India, China (PIB)
The Prime Minister, Dr. Manmohan Singh and the Premier of the State Council of the People’s Republic of China, Mr. Li Keqiang, at the joint press conference, in New Delhi on May 20, 2013.PIB

The Indian army has reportedly spent six months tracking what they thought was Chinese spy drones, but later found out they were just celestial objects - Jupiter and Venus.

The army personnel documented 329 sightings of unidentified objects moving near Pangong Tso in the border region, shared by the two Asian countries, for over six months between August 2012 and February 2013. The military also claimed the "unidentified flying objects (UFOs)" spotted above eastern Ladakh violated the border region which is known as the Line of Actual Control (LAC) at least 155 times, reported the Kolkata-based Telegraph newspaper.

They suspected that it could be the Chinese spy drones keeping a surveillance at the Indian border. To determine whether they were celestial objects, the Indian military approached two astronomers from the Indian Institute of Astrophysics, Bangalore. "Our task was to determine whether these unidentified objects were celestial or terrestrial," astronomer Tushar Prabhu told the Telegraph.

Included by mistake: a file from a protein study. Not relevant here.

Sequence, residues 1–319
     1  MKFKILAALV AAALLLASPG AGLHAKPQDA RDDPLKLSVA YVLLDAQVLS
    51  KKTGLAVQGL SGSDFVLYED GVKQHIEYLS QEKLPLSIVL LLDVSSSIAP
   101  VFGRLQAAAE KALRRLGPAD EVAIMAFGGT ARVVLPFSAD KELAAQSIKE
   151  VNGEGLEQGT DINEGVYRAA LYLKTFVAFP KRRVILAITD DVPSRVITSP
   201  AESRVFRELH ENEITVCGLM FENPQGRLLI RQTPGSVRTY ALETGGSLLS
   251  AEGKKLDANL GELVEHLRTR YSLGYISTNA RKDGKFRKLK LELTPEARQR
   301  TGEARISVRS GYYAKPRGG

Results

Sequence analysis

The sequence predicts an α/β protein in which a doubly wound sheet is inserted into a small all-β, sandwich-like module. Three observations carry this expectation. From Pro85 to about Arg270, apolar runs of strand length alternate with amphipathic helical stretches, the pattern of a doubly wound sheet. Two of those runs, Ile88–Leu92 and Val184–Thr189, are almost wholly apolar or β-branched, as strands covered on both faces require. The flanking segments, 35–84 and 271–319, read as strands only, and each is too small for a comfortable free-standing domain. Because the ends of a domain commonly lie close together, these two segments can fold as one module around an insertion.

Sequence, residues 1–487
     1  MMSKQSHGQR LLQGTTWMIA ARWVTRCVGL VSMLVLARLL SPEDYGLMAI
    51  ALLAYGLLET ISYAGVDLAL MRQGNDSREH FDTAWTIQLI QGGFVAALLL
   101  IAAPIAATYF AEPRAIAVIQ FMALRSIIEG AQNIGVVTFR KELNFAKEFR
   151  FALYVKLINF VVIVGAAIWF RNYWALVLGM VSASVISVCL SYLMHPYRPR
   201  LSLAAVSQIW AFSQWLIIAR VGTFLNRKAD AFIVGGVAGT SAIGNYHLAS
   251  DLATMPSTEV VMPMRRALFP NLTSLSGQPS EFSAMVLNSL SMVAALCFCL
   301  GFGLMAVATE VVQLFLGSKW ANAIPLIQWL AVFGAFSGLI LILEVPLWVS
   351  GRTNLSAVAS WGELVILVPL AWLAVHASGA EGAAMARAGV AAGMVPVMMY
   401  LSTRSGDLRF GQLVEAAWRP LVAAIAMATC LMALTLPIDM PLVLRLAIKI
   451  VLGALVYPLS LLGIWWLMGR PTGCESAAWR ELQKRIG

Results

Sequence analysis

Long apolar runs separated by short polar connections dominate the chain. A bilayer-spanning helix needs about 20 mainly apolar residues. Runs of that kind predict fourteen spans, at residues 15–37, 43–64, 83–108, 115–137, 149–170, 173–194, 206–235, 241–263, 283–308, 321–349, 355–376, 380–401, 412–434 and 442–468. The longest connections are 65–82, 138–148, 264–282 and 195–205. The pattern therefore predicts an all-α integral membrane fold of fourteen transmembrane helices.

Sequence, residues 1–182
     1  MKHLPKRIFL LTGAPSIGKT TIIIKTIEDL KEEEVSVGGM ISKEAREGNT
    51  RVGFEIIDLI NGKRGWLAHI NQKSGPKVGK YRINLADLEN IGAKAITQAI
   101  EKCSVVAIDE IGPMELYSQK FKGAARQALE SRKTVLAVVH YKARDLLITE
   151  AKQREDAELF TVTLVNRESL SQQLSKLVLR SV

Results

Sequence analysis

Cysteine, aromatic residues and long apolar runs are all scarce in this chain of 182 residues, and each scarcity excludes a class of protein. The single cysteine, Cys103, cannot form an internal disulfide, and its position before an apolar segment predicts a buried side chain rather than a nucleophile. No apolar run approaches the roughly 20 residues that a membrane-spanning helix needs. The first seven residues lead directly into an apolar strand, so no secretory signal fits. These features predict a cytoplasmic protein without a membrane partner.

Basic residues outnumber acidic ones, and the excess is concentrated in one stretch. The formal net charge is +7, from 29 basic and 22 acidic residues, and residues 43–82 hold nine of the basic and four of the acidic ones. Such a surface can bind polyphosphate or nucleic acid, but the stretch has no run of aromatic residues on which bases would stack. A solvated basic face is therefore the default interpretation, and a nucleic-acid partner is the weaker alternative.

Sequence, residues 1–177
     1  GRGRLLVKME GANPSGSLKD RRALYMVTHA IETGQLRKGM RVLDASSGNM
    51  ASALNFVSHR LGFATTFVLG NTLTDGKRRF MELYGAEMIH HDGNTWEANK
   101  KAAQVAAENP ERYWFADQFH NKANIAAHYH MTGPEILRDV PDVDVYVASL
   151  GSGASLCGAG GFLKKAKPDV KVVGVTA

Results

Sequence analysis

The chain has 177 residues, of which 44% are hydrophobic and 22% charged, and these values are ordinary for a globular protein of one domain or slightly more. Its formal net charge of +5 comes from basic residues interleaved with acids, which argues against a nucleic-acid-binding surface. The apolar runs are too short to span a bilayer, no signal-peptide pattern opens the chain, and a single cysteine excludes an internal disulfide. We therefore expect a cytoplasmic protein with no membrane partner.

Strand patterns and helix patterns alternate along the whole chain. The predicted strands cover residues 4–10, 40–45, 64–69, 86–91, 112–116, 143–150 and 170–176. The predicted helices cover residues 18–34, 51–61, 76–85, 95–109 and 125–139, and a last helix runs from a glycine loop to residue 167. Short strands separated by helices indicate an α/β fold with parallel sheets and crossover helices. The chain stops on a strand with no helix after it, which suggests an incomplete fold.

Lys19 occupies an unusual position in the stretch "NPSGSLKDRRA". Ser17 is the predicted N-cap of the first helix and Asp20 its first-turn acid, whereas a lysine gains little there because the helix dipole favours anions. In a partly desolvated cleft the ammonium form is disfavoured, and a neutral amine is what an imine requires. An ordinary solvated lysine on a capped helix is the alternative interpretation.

Prabhu and his colleague were informed that one of the objects appeared nearly 5,000 metres above sea level from about 6 pm and stayed there until 5 am the next day. Another object appeared at 4 am but became invisible at around 11 am on the same day.

The astronomers detected the movements of the objects in relation to the stars and found they were just two planets - Jupiter and Venus. The planets appeared brighter in the sky due to different atmosphere at altitude, according to the daily. The apparent movements of the planets were due to the rotation of Earth.

The place where this incident happened is known for disputes between India and China. In recent years, tensions have prevailed in the disputed border area with India often claiming that China is making incursions into its territory.